The decision followed the appearance on the Internet of a new prerelease known as Safari version 67.
Safari, Apple's first Web browser, is based on open-source software, and the first public test version wasat the Macworld trade show in January. Apple is well known for its efforts to keep information about its upcoming products secret and has launched lawsuits over the issue in the past.
Since then, Apple has made a second test version of Safari available to the public. What the company is suspending is a program that provided interim releases to select developers, to gain their feedback before releasing new test versions to the public.
On Saturday, members of Apple's Software Seeding beta, or test, program for Safari received an e-mail from the Mac maker informing them of the decision: "Due to Safari 67 postings to the Internet, we have closed the Safari Seed project. We know that the majority of you are not responsible for the leaks to the Internet, and we sincerely appreciate your feedback, time and effort with this project."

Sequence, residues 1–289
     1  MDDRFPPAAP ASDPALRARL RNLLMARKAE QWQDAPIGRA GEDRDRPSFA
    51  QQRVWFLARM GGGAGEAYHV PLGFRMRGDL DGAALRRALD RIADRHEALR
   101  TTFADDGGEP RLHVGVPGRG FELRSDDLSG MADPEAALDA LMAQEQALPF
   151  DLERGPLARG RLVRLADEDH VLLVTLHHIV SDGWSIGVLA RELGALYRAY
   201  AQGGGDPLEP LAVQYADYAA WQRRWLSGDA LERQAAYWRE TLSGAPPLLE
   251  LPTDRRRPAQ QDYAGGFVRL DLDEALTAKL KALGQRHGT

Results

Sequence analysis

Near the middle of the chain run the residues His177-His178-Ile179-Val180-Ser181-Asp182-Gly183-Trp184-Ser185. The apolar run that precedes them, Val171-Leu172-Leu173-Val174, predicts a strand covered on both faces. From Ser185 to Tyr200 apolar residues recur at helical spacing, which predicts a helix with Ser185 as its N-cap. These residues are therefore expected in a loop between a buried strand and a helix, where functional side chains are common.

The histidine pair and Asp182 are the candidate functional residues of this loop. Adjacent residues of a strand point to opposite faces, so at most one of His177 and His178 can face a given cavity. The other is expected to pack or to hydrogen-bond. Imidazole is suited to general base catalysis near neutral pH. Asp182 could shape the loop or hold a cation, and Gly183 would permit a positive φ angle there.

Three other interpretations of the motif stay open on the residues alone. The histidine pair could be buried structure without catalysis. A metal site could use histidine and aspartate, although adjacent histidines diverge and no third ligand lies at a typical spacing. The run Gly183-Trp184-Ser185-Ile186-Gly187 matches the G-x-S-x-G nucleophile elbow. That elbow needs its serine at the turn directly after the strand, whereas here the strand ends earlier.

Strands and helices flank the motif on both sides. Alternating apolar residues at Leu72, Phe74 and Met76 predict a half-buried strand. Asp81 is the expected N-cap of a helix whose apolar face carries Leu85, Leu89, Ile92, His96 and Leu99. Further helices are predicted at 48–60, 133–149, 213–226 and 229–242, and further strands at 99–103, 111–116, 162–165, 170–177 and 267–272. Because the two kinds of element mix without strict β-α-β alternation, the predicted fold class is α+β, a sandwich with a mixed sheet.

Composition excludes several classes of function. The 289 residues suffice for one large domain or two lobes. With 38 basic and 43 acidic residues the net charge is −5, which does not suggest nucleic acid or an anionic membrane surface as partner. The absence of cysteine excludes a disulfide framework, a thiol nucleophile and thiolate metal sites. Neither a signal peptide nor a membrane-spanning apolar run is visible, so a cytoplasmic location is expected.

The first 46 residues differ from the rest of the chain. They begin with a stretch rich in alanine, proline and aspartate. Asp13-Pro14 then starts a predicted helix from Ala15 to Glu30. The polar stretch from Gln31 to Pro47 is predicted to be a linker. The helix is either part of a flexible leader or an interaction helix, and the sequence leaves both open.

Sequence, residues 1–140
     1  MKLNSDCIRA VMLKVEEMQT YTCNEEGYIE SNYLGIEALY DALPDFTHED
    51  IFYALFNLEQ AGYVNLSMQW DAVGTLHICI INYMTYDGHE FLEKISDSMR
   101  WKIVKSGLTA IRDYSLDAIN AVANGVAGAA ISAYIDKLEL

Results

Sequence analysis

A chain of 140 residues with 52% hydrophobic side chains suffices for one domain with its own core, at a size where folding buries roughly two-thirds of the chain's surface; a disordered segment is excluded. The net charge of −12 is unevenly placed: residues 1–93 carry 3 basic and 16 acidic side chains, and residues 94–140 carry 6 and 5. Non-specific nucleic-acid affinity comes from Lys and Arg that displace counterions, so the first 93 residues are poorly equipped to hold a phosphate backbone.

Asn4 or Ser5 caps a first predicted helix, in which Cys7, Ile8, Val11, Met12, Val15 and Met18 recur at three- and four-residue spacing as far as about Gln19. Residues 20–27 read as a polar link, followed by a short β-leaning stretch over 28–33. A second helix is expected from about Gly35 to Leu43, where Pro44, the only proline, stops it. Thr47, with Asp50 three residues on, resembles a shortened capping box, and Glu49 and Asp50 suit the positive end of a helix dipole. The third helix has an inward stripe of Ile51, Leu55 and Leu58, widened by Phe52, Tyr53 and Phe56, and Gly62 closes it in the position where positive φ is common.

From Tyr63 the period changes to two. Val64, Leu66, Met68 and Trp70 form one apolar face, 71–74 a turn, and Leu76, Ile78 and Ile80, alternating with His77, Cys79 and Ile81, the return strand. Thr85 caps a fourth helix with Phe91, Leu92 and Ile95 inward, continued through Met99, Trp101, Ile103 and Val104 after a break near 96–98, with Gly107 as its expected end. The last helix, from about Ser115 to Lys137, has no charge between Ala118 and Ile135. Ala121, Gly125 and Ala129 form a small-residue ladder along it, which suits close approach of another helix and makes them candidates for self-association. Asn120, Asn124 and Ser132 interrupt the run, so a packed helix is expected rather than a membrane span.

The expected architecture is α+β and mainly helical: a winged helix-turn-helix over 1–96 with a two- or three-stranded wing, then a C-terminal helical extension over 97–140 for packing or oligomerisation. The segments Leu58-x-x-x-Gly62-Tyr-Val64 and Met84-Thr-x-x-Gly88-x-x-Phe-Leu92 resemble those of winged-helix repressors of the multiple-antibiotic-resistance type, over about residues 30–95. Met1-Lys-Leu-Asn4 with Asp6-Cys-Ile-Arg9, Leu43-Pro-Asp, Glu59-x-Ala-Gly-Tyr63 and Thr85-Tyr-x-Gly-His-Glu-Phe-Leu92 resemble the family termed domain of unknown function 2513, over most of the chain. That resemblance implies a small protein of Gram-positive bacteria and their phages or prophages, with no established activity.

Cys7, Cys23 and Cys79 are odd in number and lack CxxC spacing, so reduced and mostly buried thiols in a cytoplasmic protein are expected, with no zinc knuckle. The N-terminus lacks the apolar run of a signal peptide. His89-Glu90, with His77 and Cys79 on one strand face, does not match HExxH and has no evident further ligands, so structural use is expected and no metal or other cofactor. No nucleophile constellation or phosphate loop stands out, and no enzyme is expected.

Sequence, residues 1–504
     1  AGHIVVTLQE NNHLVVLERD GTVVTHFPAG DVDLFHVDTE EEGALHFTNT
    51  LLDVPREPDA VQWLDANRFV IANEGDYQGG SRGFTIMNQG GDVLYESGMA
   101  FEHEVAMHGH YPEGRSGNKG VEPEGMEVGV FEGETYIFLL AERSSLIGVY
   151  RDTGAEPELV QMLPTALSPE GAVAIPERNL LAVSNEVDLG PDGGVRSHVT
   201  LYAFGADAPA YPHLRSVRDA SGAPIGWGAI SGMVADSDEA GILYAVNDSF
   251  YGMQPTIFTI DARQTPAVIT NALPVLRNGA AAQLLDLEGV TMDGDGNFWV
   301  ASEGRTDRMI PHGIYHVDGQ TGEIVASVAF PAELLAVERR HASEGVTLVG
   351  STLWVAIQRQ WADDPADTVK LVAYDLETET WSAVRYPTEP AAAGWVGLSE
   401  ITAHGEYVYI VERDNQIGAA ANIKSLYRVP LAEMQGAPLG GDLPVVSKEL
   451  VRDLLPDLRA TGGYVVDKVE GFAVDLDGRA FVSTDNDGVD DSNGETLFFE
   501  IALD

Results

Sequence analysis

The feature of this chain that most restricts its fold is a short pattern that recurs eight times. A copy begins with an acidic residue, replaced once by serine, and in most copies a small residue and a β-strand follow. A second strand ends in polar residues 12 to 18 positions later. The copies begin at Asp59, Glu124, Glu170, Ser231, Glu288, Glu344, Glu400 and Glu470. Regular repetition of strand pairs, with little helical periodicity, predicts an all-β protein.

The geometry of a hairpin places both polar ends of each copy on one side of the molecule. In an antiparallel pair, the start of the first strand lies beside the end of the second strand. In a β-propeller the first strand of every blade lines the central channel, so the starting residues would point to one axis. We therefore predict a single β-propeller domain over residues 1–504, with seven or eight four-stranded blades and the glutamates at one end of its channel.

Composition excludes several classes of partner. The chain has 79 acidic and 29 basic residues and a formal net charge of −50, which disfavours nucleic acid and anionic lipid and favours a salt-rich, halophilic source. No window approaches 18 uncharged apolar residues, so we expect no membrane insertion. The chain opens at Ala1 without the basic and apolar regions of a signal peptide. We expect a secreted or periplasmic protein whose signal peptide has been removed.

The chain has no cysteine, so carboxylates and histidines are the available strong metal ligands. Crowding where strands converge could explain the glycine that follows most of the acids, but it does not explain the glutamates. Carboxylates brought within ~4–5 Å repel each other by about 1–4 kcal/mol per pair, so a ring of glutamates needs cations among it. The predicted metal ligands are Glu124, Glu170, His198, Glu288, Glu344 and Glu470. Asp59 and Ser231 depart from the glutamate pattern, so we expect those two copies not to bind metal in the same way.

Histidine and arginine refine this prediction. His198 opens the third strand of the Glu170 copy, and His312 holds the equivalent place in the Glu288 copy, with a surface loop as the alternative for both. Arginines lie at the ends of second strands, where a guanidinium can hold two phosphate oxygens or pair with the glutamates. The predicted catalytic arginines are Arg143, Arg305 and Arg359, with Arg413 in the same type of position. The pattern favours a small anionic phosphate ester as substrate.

The e-mail was posted on several developer and Mac user Web sites, and several members of the project confirmed that they had received the e-mail. Apple declined to comment.
As part of its Software Seeding program, Apple allows members of its Apple Developer Connection to download prerelease versions of its applications, and other people can also apply to become part of the program.
Both types of testers must sign nondisclosure agreements before they can get access to the test files. "You are legally bound to ensure that only employees covered by your nondisclosure agreement get access to this software," the company states on its Web site devoted to the Seeding program. "Access to this software by any others is illegal and damaging to both Apple and those who develop for Apple platforms."
Mac users said that Safari versions 62, 64 and 67 were leaked. Version 60 wasto the public via Apple's Web site in February.
ZDNet UK's Matthew Broersma reported from London.